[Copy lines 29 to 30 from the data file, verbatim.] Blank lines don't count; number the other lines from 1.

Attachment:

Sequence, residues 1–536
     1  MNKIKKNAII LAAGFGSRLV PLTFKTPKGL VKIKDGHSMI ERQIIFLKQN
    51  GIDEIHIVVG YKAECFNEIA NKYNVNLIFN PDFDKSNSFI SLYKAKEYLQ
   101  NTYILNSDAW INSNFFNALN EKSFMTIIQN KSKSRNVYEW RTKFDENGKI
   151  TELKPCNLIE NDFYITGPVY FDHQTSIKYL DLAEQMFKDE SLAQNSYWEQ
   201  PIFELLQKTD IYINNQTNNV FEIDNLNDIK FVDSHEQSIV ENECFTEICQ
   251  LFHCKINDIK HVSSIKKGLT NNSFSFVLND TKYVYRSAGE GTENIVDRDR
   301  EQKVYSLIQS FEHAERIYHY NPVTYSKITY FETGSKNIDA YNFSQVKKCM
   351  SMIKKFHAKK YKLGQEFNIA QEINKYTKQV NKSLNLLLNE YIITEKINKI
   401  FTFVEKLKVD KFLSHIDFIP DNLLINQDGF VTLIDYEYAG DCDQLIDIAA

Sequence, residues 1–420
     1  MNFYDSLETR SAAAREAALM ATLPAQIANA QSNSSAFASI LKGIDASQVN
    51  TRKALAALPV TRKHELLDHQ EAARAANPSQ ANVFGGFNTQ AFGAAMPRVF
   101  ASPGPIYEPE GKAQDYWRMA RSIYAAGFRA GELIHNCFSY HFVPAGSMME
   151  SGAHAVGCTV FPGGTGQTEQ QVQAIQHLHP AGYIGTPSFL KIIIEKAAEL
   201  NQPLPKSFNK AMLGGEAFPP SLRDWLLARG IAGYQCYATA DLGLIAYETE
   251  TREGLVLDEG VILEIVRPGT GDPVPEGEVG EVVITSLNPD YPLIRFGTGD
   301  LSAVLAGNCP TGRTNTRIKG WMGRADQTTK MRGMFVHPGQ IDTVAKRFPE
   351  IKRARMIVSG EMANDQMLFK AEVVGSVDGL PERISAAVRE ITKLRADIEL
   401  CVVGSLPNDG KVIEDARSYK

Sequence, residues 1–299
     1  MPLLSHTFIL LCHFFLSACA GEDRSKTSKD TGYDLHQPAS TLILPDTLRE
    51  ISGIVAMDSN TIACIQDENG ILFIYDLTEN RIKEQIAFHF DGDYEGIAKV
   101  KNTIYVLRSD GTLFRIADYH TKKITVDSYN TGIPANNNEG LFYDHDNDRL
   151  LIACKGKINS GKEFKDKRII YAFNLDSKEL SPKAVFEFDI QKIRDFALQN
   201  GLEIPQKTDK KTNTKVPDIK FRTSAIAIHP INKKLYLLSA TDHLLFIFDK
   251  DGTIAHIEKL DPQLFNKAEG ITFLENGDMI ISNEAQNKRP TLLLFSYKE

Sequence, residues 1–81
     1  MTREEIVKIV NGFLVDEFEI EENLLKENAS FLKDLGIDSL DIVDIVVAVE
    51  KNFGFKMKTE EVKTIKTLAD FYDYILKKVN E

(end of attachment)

     1  MTREEIVKIV NGFLVDEFEI EENLLKENAS FLKDLGIDSL DIVDIVVAVE
    51  KNFGFKMKTE EVKTIKTLAD FYDYILKKVN E